Why upper bound version numbers?

Reid Barton rwbarton at gmail.com
Wed Jun 8 08:19:12 UTC 2016

On Tue, Jun 7, 2016 at 9:31 AM, Ben Lippmeier <benl at ouroborus.net> wrote:

> > On 7 Jun 2016, at 7:02 am, Dominick Samperi <djsamperi at gmail.com> wrote:
> >
> > Why would a package developer want to upper bound the version number
> > for packages like base? For example, the clash package requires
> >
> > base >= 4.2 && base <= 4.3
> I put an upper bound on all my libraries as a proxy for the GHC version.
> Each time a new GHC version is released sometimes my libraries work with it
> and sometimes not. I remember a “burning bridges” event in recent history,
> when the definition of the Monad class changed and broke a lot of things.
>  Suppose you maintain a library that is used by a lot of first year uni
> students (like gloss). Suppose the next GHC version comes around and your
> library hasn’t been updated yet because you’re waiting on some dependencies
> to get fixed before you can release your own. Do you want your students to
> get a “cannot install on this version” error, or some confusing build error
> which they don’t understand?

This is a popular but ultimately silly argument. First, cabal dependency
solver error messages are terrible; there's no way a new user would figure
out from a bunch of solver output about things like "base-" and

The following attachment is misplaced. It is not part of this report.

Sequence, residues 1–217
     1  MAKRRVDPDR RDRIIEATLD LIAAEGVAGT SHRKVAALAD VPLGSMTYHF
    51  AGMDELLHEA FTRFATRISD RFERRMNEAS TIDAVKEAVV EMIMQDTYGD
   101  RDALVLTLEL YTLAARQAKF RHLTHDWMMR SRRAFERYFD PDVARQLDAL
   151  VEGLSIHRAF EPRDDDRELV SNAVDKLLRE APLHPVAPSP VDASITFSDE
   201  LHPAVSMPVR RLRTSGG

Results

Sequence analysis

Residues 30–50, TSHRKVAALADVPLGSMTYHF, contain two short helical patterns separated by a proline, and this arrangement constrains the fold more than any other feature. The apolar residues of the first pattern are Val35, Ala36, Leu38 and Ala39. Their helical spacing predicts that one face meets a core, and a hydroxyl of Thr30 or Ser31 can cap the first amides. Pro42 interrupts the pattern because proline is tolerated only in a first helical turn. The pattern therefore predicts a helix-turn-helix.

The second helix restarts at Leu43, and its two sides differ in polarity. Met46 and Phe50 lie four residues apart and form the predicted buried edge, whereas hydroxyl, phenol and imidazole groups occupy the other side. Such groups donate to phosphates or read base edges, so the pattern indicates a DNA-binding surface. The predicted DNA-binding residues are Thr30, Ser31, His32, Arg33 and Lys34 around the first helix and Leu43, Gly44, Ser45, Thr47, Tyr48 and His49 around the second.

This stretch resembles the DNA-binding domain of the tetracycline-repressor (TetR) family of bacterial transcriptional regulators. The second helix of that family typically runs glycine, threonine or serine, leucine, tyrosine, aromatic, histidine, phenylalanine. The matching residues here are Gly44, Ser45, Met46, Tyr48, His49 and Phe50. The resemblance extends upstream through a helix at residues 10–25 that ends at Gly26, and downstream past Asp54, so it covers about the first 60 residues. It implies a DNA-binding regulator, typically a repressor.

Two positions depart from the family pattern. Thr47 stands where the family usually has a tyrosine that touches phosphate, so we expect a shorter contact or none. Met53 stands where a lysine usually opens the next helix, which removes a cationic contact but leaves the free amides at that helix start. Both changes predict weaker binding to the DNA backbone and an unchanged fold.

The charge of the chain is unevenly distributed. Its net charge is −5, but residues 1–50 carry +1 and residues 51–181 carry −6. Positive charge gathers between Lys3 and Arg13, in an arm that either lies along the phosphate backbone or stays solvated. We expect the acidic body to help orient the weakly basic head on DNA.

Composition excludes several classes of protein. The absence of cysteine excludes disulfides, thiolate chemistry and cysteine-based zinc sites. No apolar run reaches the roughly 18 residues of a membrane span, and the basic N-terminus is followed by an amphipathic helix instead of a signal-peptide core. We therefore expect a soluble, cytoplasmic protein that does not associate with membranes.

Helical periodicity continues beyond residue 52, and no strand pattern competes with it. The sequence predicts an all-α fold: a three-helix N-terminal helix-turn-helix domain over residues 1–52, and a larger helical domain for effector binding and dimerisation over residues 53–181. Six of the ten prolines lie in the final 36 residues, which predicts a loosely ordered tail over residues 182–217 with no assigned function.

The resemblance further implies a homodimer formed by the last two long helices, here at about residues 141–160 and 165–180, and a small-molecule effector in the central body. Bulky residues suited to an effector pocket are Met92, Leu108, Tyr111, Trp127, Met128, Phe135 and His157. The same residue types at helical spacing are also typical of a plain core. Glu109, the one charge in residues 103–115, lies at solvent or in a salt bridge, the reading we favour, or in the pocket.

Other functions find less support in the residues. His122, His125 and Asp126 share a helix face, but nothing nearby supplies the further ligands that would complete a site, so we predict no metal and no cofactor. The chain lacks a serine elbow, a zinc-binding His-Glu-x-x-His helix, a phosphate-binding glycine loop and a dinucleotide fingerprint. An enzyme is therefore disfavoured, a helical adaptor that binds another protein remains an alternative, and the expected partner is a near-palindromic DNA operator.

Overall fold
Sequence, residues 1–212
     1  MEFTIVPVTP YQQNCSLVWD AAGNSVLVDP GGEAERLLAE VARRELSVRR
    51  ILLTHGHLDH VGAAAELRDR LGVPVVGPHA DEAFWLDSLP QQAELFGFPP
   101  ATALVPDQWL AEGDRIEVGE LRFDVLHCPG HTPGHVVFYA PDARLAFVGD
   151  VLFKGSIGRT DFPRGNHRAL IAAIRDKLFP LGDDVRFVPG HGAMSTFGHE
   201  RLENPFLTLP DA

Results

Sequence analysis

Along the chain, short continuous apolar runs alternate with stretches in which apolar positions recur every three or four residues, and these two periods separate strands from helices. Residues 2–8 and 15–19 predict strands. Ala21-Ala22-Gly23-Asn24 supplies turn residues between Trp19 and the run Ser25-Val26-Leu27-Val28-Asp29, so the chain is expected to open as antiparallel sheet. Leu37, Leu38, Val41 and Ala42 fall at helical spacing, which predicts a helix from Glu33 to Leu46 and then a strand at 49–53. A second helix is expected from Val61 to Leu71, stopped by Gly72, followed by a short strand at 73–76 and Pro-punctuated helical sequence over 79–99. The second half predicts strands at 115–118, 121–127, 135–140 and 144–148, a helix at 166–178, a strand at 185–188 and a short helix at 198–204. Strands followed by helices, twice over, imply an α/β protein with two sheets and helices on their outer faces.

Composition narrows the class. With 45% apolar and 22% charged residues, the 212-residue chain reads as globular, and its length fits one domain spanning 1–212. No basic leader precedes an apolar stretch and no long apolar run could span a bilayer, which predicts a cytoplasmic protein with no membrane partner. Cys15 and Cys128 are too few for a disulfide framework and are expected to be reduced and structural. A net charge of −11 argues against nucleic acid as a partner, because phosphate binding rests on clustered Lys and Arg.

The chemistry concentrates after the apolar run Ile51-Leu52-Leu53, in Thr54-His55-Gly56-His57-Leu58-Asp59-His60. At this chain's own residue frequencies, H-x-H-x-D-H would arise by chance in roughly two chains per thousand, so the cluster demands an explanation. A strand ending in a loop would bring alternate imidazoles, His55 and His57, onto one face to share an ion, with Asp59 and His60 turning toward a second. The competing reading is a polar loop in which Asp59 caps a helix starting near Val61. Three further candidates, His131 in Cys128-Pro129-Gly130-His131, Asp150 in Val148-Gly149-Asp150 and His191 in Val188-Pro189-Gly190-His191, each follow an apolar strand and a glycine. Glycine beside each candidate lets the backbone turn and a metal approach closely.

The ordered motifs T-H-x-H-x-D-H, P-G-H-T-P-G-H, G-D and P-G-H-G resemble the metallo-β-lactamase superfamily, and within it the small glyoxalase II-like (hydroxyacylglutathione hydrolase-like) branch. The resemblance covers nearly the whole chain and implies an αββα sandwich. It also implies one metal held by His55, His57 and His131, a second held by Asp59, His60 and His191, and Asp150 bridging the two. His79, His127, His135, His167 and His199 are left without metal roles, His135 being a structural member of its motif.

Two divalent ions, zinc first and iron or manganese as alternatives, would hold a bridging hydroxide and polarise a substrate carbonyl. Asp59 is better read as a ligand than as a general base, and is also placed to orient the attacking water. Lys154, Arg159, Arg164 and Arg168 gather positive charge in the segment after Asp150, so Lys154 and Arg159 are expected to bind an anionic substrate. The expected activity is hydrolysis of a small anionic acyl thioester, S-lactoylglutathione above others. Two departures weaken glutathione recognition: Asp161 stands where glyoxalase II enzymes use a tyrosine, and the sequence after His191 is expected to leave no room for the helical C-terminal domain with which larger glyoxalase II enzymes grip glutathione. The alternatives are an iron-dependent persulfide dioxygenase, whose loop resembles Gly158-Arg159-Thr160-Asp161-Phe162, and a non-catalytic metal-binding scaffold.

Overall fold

"Dependency tree exhaustively searched" that the solution is to build with
an older version of GHC. A configuration error and a build error will both
send the same message: "something is broken". Second, this argument ignores
the much more likely case that the package would have just worked with the
new GHC, but the upper bound results in an unnecessary (and again,
terrible) error message and a bad user experience. The best case is that
the user somehow learns about --allow-newer=base, but cabal's error message
doesn't even suggest trying this and it's still an unnecessary hoop to jump

Experienced users are also only harmed by these upper bounds, since it's
generally obvious when a program fails to build due to a change in base and
the normal reaction to a version error with base is just to retry with
--allow-newer=base anyways.

Of course the best thing is to stick to the part of the language that is
unlikely to be broken by future versions of base; sadly this seems to be
impossible in the current climate...

Reid Barton
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